The Government of Los Angeles operates as a charter city (as opposed to a general law city) under the Charter of the City of Los Angeles. The elected government is composed of the Los Angeles City Council with 15 city council districts and the Mayor of Los Angeles. which operate under a mayor-council government, as well as the Los Angeles City Attorney and the Los Angeles City Controller. In addition, there are numerous departments and appointed officers such as the Los Angeles Police Department (LAPD) including the Los Angeles Board of Police Commissioners and the Chief of the Los Angeles Police Department, the Los Angeles Fire Department (LAFD), the Housing Authority of the City of Los Angeles (HACLA), the Los Angeles Department of Transportation (LADOT), the Los Angeles Public Library (LAPL), and the Los Angeles City Clerk.

School districts[edit]

Special districts[edit]

The Los Angeles Local Agency Formation Commission (LALAFCo) is the Local Agency Formation Commission (LAFCo) for Los Angeles County and regulates special districts within its jurisdiction.


The current charter was proposed by the Los Angeles County Board of Freeholders on 24 September 1912, ratified by the electorate on 5 November 1912, filed with the California Secretary of State on 29 January 1913, and became effective 2 June 1913. It was the first local government to be granted Home Rule in the United States since the 1911 Home Rule Amendment was added to the Constitution.[17][18]


  1. ^ California Government Code § 23004
  2. ^ Jeffe, Sherry Bebitch (8 April 1990). "Supervisors: Our Powerful 'Little Kings' : Government: Five white males govern a multi-ethnic county of 9 million. How to change the rules?". Los Angeles Times. Retrieved 17 December 2012. 
  3. ^ Boyarsky, Bill (7 December 1990). "The 5 Little Kings Who Are No More". Los Angeles Times. Retrieved 17 December 2012. 
  4. ^ "Welcome to contract law enforcement". Los Angeles County Sheriff's Department. Retrieved 28 December 2012. 
  5. ^ Los Angeles County Department of Parks and Recreation
  6. ^ Los Angeles County Department of Regional Planning
  7. ^ "AB 2131 (2011-2012) Bill Analysis of the Senate Governance And Finance Committee on 06/28/12". California Legislative Counsel. Retrieved 27 July 2013. In 52 of the 58 counties, the offices of county treasurer and county tax collector are consolidated under a single elected officer. In Los Angeles County, the Treasurer-Tax Collector is appointed by the board of supervisors. Five other counties have consolidated the treasurer and tax collector offices under an appointed director of finance.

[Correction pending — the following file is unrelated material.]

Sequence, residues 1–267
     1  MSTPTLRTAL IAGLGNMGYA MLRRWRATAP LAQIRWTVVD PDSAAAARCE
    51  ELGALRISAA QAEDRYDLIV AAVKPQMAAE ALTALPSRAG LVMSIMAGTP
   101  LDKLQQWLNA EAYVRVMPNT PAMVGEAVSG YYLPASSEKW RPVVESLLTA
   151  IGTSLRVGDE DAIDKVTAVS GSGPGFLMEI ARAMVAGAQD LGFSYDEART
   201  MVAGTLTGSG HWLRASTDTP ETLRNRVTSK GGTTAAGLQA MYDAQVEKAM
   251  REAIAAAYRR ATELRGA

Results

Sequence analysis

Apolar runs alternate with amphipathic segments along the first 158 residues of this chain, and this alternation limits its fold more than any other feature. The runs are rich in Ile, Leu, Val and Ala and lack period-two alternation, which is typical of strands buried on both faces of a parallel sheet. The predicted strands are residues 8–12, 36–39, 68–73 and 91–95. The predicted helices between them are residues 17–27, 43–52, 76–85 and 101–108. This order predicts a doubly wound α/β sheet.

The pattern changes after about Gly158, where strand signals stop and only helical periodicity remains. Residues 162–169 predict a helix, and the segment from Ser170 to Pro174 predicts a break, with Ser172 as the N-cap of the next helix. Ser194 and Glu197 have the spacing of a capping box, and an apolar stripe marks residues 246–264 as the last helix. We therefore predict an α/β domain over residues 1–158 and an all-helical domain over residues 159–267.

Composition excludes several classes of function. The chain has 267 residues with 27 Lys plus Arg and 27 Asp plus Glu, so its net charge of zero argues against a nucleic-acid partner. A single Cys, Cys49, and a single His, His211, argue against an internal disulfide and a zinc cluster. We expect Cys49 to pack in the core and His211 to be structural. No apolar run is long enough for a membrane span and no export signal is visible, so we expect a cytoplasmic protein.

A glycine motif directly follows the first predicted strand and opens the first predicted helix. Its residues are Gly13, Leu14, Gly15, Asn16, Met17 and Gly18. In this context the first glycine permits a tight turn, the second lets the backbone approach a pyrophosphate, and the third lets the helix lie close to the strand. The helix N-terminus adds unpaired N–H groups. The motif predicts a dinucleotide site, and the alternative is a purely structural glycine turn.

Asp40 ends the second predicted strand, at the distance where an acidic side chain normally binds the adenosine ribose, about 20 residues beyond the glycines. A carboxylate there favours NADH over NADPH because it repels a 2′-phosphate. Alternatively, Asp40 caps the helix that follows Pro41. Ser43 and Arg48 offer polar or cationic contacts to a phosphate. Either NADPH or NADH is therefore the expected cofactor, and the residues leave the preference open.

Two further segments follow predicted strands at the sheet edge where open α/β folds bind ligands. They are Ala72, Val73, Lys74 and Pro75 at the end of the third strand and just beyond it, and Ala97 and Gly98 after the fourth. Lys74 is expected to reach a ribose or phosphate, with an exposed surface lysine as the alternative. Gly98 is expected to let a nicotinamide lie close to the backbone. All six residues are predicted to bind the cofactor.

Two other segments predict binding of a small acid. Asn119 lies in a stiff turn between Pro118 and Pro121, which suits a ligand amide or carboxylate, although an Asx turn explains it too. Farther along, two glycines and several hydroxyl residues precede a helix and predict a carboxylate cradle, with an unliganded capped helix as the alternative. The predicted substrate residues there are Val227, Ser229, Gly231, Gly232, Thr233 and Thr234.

8. ^ a b "Auditor-Controller". California State Association of Counties. Retrieved 27 July 2013. In 54 of the 58 counties, the Auditor-Controller is an independent, nonpartisan elected office established to provide various accounting and property tax administration services to the county government, special districts, schools, and cities. The four counties with appointed officers are: 1) San Francisco, Controller appointed for eight years; 2) Santa Clara, appointed Director of Finance; 3) Los Angeles, appointed Auditor-Controller; and 4) San Diego, appointed Auditor and Controller. The Auditor-Controller is the chief accounting officer of the county responsible for budget control, disbursements and receipts, and financial reporting. In addition, this office is responsible for audits of certain agencies within the county. Also, the position may be combined with the treasurer-tax collector position, with the title Director of Finance, and/or county recorder, or even the county clerk. 
  9. ^
  10. ^ a b "LACOE > Board of Education". Retrieved 8 September 2013. 
  11. ^ "LACHSA Overview". Los Angeles County High School for the Arts. Retrieved 11 September 2013. 
  12. ^ California Government Code § 31450 et seq.
  13. ^ California Government Code § 25132.
  14. ^ "2014-15 Adopted Budget Charts" (PDF). Retrieved August 31, 2015. 
  15. ^ Kennedy, J. Michael (May 25, 2004). "County Seal Has a Cross the ACLU Can't Bear". Los Angeles Times. Retrieved March 11, 2010. 
  16. ^ "County Insignia History". Retrieved March 11, 2010. 
  17. ^ Boyer, Paul Samuel (2001). The Oxford Companion to United States History. Oxford University Press. p. 523. ISBN 0-19-508209-5. 
  18. ^ Miller, E. J. (August 1913). Flack, Horace E., ed. "A New Departure in County Government: California's Experiment with Home Rule Charters". American Political Science Review 7 (3): 411–419. JSTOR 1944966.